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14 Founders Share Their Lessons From 2020

Nizam Uddin, Co-founder and CEO, WeDevs: I try to forgive everyone before I go to sleep every night and try to start the next day anew. There are very few people in the world who get the opportunity to work on what they love and start their day doing what they love. I feel lucky that I can start and finish my day doing what I love to do, Alhamdulillah.

Samiha Tahsin, Co-founder and CEO, Bonton: When we came up with the idea a lot of people told us that don’t tell your ideas to others. But Omran and I both learned that when we talk about our idea, it gets better. We learn and can improve it. When we share our ideas, we get more inputs and feedback that help us to polish our ideas. That is the lesson I have learned. Share your idea, talk to people, and trust in the goodness of people. 

Omran Jamal, Co-founder and CTO, Bonton: If we don’t trust people with our idea, it does not make sense for us because we are asking them to share their internet connection. The idea we told you today is completely different from what we had in November last year. All this happened because we spoke with people and got feedback from people. People gave us important feedback and ideas that helped us to evolve. We realize that talking to people is the best thing to do as an early-stage founder. It helps you to validate your idea, and your idea matures as well.

Tamzid Siddiq Spondon, Managing Director, Zanala Bangladesh and Neofarmer: One thing is that learning is not enough. You have to apply the lessons you have learned. The second thing is that time is the greatest healer. Every trouble and challenge resolves itself with time.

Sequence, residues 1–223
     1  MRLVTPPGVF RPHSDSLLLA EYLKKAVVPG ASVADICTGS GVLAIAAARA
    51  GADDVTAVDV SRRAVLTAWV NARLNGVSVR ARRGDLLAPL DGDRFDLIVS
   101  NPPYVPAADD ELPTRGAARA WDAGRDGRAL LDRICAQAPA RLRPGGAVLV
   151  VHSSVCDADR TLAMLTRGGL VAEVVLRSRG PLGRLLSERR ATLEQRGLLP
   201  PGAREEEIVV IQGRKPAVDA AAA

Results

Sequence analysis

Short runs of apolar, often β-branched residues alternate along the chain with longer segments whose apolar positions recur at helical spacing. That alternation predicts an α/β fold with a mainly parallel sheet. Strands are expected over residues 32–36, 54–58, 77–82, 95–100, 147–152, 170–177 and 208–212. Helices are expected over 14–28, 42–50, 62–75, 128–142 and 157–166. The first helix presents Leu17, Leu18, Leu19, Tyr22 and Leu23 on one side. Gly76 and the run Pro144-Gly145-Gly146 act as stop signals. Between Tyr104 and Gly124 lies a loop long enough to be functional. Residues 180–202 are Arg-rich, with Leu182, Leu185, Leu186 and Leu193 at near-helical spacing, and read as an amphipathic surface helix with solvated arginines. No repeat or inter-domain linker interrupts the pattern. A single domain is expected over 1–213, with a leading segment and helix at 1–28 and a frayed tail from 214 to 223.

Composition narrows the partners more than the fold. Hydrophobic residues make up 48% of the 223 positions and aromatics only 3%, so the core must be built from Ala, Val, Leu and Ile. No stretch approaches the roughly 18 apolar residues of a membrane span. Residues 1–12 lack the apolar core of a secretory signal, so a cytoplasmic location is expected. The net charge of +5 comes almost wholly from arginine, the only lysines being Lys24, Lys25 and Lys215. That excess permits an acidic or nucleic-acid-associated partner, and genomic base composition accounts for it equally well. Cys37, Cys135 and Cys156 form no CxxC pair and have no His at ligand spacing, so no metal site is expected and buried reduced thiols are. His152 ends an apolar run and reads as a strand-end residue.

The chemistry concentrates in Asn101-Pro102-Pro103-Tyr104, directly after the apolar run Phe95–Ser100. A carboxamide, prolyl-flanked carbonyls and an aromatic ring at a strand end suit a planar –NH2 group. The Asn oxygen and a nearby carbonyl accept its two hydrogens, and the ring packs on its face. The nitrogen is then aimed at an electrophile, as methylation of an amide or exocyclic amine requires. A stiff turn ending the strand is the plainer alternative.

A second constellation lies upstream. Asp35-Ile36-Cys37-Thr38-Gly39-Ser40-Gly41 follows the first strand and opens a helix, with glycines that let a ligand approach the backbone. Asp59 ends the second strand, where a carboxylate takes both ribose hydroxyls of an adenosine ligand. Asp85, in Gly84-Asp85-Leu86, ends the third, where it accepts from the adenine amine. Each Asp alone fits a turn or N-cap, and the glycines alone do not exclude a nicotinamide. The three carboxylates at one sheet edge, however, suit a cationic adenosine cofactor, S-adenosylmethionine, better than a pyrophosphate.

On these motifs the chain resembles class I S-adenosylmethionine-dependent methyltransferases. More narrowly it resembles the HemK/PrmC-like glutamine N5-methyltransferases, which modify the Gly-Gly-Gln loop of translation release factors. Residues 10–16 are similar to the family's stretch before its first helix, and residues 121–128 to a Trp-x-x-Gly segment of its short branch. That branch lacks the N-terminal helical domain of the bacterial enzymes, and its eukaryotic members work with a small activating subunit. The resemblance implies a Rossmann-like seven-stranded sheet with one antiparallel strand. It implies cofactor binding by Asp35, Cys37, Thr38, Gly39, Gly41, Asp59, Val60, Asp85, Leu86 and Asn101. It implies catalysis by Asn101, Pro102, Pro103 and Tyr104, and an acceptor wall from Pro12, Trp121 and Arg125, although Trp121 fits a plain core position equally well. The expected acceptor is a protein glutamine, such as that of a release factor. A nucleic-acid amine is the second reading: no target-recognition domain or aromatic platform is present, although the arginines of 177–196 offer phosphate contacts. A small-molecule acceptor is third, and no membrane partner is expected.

Third, everything has a time. No matter how hard you try, things would happen in their own time. There is a right to everything. If you are hardworking and keep working on your mission, things will happen at their own time. I don’t think we can make things happen with mere force. You have to give time to things as long as they take.

Rayana Hossain, Founder, ISHO: Never stop believing in what you want to achieve. There is also no set model to success. People are the most important asset a company will have so that definitely needs to be a starting point in any journey for all founders.

Aziz Arman, Co-founder and CEO, Jatri: Despite all my work, I make sure to consistently take care of myself so that I’m in a clear headspace whenever needed.

I journal often to record and track developments, ideas, strategies.

I’m also very fortunate to be part of an innovative, experıenced and cohesive team – we have worked hard to develop a strong organizational culture within the company. Every time we face drawbacks, we cooperate and share the workload responsibly- helping us build trust amongst ourselves.

Fahad Ifaz, Co-founder and CEO, iFarmer: Always think about the big bet or the idea behind the company. While running after operations, growth, and salary and rent, we often forget why we even started this business.